Worrying about the loss of real news is not a romantic cliché of journalism. It has been verified by history: from the days of royal absolutism to the present, the control of information and knowledge had been the first line of defense for failed regimes facing democratic unrest.
The suppression of parliamentary dissent during Charles I’s “eleven years tyranny” in England (1629-1640) rested largely on government censorship operating through strict licensing laws for the publication of books. The Federalists’ infamous Sedition Act of 1798 likewise sought to quell Republican insurgency by making it a crime to publish “false, scandalous, and malicious writing” about the government or its officials.
In those days, our governing bodies tried to squelch journalistic freedom with the blunt instruments of the law – padlocks for the presses and jail cells for outspoken editors and writers. Over time, with spectacular wartime exceptions, the courts and the constitution have struck those weapons out of their hands. But now they’ve found new methods, in the name of “national security” and even broader claims of “executive privilege.” The number of documents stamped “Top Secret,” “Secret” or “Confidential” has accelerated dramatically since 2001, including many formerly accessible documents which are now reclassified as secret. Vice-President Cheney’s office refuses to disclose what, in fact, it is classifying: even their secrecy is being kept a secret.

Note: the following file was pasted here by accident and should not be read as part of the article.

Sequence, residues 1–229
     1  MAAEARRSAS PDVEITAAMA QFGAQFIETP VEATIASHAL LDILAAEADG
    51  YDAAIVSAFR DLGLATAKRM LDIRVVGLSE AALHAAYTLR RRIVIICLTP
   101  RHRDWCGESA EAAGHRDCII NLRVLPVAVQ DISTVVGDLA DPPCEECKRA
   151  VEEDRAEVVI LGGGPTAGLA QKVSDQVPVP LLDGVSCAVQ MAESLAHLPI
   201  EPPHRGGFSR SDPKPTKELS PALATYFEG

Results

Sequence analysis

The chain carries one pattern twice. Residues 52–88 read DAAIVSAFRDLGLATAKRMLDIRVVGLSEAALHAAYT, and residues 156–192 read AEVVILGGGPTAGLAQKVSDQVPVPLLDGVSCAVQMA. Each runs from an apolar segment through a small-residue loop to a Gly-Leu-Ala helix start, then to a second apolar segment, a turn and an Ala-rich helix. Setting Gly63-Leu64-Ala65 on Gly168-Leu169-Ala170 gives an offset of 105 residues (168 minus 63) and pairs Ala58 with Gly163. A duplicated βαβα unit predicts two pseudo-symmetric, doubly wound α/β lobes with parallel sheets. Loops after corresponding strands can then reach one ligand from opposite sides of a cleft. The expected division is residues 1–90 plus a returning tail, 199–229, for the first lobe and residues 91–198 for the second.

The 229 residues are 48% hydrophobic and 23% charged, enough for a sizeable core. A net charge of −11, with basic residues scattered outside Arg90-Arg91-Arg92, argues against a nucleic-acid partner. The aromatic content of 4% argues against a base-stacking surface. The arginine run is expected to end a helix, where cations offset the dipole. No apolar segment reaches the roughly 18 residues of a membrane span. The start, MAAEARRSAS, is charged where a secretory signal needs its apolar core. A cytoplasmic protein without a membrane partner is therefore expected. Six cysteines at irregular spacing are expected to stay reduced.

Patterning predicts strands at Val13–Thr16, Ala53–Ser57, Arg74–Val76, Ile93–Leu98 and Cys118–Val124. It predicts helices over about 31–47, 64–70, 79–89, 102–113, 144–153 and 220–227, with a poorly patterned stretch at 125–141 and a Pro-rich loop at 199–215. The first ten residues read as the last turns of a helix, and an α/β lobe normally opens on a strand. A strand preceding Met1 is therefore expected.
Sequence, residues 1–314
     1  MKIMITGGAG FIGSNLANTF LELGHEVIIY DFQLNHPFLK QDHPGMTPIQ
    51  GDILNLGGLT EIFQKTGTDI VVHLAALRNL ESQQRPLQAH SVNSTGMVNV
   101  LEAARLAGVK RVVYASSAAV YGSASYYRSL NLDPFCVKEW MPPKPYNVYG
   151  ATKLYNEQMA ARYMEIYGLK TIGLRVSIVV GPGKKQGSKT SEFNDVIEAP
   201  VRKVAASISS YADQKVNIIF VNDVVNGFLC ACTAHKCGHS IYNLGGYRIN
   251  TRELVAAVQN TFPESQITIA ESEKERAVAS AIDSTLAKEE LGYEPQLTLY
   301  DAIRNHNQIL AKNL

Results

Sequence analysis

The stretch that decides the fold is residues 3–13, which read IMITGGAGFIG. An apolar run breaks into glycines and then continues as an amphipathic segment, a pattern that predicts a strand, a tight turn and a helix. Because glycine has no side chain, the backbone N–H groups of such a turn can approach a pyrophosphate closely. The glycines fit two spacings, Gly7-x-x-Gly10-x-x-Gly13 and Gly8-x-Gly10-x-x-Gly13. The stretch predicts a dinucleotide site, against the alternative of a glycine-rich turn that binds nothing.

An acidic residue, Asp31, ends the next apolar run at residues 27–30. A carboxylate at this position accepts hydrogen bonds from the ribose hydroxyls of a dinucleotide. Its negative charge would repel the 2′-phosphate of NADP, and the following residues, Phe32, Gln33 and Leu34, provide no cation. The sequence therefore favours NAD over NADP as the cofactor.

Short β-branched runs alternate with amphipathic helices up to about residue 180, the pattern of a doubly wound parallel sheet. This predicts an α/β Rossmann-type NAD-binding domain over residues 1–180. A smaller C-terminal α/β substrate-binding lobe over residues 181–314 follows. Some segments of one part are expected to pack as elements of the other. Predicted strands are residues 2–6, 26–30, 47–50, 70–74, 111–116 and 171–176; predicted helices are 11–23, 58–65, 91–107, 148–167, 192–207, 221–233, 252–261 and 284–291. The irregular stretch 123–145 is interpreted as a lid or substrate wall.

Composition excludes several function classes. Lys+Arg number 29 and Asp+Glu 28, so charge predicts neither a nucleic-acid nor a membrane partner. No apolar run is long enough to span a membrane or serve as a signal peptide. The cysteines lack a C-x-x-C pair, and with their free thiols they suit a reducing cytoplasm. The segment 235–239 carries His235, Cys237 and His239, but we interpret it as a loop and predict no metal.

Beyond what is officially labeled “Secret” or “Privileged” information, there hovers on the plantation a culture of selective official news implementation, working through favored media insiders, to advance political agendas by leak and innuendo and spin, by outright propaganda mechanisms such as the misnamed “Public Information” offices that churn out blizzards of factually selective releases on a daily basis, and even by directly paying pundits and journalists to write on subjects of “mutual interest.” They needn’t have wasted the money. As we saw in the run-up to the invasion of Iraq, the plantation mentality that governs Washington turned the press corps into sitting ducks for the war party for government and neo-conservative propaganda and manipulation. There were notable exceptions – Knight Ridder’s bureau, for example – but on the whole all high-ranking officials had to do was say it, and the press repeated it, until it became gospel. The height of myopia came with the admission by a prominent beltway anchor that his responsibility is to provide officials a forum to be heard. Not surprisingly, the watchdog group FAIR found that during the three weeks leading up to the invasion, only three percent of U.S. sources on the evening news of ABC, CBS, NBC, CNN, FOX, and PBS expressed skeptical opinions of the impending war. Not surprisingly, two years after 9/11, almost seventy percent of the public still thought it likely that Saddam Hussein was personally involved in the terrorist attacks of that day. An Indiana school teacher told the Washington Post, “From what we’ve heard from the media, it seems like what they feel is that Saddam and the whole Al Qaeda thing are connected.” Much to the advantage of the Bush administration, a large majority of the public shared this erroneous view during the buildup to the war– a propaganda feat that Saddam himself would have envied. It is absolutely stunning –frightening– how the major media organizations were willing, even solicitous hand puppets of a state propaganda campaign, cheered on by the partisan ideological press to go to war.